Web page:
I shall close with a few words to this whole assembly. You have heard, my brethren, some of the articles, in which your ministers should show themselves faithful. They are especially bound to do so, in preaching to you Jesus Christ, and the gospel method of salvation through him. This is the main point in which their instructions are to centre. Instructions of this kind, have you not all long enjoyed ? The great inquiry, which I would wish every one to make, is this? “ Have I been brought to know Jesus Christ, with that knowledge which renews the heart, and reforms the life?" If you have not, to what valuable purpose have you sat under the preached gospel ? If you continue practically ignorant of this only Redeemer of lost men, your condemnation will be awfully aggravated, by the means of religious instruction afforded to you. O, my friends, there is no time to trifle in this matter. The day and means of grace will soon be at an end with you. Be entreated to "consider in this your day, the things which belong to your peace, before they are hid from your eyes."

As to those of you, who have been “born of incorruptible seed, by the word of God which liveth and abideth for ever,” certainly you must have an ardent affection to the sacred truths of the gospel. Having “ tasted that the Lord is gracious," you will like "new-born babes, desire the sincere milk of the word that you may grow thereby.” You will hardly need urging to a steady and devout attendance on the preached gospel. This you know is a method appointed by the great Head of the church, to feed and nourish your inward man, and to build you up in all the graces and comforts of the spiritual and divine life. Have you obtained that “precious faith” which “cometh by hearing ?” Let the apostle's exhortation be acceptable to you. “ Add to your faith virtue, and to virtue knowledge, and to knowledge temperance, patience, godliness, brotherly-kindness and charity; for if these things be in you and abound, they will make you, that ye shall be neither barren, nor unfruitful, in the knowledge of our Lord and Saviour Jesus Christ. So an entrance shall be administered to you abundantly, into his heavenly and eternal kingdom.” AMEN.

S E R M O N

PREACHED IN THE FIRST SOCIETY IN DEDHAM,

ON THE 7TH DAY OF FEBRUARY, 1996,

FORTY YEARS AFTER THE AUTHOR'S INDUCTION

INTO

THE WORK OF THE GOSPEL MINISTRY.

Rew.
BY JASON HAVEN, A. M.

PASTOR OF THE FIRST CHURCH IN SAID TOWN.

BOSTON:

PRINTED BY THOMAS FLEET, JR., AT THE BIBLE AND HEART.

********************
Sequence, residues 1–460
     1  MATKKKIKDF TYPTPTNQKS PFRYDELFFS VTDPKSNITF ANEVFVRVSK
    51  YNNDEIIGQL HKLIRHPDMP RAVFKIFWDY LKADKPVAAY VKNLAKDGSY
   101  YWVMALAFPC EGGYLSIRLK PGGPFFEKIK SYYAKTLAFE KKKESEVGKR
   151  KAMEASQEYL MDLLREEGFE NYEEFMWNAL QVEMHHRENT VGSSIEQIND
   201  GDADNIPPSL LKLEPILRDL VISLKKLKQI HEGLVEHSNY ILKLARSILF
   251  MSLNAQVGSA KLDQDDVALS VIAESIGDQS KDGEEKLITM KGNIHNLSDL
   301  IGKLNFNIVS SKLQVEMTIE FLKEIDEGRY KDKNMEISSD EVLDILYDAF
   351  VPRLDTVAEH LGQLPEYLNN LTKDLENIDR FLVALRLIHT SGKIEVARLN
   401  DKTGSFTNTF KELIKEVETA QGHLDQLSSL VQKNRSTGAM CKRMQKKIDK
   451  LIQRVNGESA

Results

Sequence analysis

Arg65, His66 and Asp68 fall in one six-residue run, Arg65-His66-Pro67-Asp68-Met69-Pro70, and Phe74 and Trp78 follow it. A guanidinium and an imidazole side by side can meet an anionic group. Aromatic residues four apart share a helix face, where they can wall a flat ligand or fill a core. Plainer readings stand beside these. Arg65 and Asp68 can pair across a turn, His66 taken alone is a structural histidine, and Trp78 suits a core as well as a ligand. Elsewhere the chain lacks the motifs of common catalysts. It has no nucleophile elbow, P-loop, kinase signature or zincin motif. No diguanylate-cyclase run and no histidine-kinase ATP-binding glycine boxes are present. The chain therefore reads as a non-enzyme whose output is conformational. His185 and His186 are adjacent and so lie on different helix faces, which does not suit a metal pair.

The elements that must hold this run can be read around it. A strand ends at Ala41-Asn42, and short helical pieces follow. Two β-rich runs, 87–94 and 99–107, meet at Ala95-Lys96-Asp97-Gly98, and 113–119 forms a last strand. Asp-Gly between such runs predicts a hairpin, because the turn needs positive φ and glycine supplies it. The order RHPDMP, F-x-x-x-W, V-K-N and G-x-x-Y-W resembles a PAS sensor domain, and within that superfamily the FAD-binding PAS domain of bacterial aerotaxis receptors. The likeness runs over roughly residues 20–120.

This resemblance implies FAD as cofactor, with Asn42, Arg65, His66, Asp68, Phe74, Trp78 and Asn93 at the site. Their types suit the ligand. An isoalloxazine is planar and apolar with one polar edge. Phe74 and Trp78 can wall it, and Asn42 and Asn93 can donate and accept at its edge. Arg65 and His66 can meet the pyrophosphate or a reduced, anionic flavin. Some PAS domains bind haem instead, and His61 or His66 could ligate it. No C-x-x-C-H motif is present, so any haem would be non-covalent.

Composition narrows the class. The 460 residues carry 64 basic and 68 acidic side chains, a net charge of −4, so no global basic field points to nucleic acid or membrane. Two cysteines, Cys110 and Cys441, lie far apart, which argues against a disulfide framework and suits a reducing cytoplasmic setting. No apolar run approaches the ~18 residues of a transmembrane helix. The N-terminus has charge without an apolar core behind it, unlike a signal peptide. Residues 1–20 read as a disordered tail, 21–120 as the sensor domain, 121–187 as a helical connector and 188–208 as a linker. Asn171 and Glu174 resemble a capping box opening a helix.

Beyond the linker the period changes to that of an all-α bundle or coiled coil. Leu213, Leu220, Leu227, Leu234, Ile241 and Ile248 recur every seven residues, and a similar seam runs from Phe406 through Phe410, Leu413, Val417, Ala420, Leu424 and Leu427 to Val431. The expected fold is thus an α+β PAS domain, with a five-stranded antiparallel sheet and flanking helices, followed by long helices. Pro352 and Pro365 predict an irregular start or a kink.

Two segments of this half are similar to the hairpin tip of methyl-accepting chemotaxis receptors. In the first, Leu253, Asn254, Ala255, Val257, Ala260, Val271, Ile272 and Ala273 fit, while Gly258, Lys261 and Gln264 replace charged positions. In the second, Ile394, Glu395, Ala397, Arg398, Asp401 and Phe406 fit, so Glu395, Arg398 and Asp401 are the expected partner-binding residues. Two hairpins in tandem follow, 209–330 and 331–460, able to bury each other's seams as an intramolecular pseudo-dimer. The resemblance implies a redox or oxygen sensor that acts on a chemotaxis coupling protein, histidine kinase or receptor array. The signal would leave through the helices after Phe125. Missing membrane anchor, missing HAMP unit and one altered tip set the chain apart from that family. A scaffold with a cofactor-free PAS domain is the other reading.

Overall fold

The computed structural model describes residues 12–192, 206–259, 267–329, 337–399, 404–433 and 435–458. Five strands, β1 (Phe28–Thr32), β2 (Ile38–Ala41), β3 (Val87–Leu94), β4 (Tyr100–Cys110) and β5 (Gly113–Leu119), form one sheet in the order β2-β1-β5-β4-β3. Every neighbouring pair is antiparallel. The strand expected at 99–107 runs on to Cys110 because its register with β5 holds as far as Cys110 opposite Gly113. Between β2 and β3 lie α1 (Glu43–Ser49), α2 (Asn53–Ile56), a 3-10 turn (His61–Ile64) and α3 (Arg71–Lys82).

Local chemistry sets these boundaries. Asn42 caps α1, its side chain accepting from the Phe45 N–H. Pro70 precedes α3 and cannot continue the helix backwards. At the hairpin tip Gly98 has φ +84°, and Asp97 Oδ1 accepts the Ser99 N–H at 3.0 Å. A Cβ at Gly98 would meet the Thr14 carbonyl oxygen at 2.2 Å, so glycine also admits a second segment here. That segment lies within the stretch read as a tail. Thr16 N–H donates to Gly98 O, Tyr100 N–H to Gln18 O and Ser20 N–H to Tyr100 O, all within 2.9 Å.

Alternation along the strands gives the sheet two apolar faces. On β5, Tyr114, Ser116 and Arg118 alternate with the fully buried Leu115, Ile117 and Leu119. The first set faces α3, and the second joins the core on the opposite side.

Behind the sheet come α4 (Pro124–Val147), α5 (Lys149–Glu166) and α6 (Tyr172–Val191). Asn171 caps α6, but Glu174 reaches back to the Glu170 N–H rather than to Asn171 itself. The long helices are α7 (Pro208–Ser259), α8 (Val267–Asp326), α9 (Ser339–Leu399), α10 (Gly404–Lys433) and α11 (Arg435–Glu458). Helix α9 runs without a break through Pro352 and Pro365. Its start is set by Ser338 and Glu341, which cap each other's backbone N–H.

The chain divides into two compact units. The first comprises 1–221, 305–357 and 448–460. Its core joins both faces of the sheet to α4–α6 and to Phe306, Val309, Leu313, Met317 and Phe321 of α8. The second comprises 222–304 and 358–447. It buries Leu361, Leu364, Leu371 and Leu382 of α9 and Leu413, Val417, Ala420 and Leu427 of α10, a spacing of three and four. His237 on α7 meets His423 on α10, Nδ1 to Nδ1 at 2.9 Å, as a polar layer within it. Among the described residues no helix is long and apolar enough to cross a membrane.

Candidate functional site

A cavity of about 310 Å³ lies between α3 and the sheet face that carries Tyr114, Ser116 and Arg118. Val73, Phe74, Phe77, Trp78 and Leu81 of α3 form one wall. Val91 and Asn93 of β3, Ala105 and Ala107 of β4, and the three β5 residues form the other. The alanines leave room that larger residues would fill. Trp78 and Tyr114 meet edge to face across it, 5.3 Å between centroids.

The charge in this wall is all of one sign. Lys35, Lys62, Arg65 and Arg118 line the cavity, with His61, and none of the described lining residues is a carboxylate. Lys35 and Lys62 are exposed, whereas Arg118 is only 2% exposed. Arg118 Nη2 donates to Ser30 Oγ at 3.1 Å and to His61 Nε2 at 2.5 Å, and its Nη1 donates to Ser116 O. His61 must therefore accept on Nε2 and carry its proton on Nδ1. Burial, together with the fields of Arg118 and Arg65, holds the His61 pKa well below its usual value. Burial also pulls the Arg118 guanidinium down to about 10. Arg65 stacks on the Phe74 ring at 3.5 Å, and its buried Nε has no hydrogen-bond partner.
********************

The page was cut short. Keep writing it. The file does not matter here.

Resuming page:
SERMON.

Acts XX. 24.

“But none of these things move me, neither count I my life dear unto myself, 80 that I might finish my course with joy, and the ministry which I have received of the Lord Jesus."

These are the words of the great apostle Paul. He addressed them to the elders of the church of Ephesus. These elders endeavored to dissuade him from going to Jerusalem, as they imagined he would there be exposed to great troubles and dangers, from the enemies of the gospel. The apostle considered it his duty to go. He was very desirous of preaching Christianity to his countrymen, the Jews, who dwelt at Jerusalem. He was determined not to be prevented, by the formidable picture of impending dangers, set before him. He expected troubles, and was prepared to meet and bear them, with fortitude, and patience. “None of these things move me."

He expresses a firm and unshaken resolution, to pursue the path of duty, discovered to him, notwithstanding the difficulties and hazards which might attend it. He had engaged in a good cause, in a good work, and he would not desert it, because the duties of it could not be performed, but with great danger and self-denial. In this he set a noble example, to the followers of Christ, in general, and to his ministers in particular. “Having put their hand to the plough they should not look back.” They should not neglect any known duty, whatever may be the expense or pain of performing it.

In the following words of our text he rises, in the expression of a holy zeal and heroic courage.

“ Neither count I my life dear to me, that I might finish my course with joy, and the ministry which I have received of the Lord Jesus." He had “received the ministry” of the gospel, or an apostleship, “ of the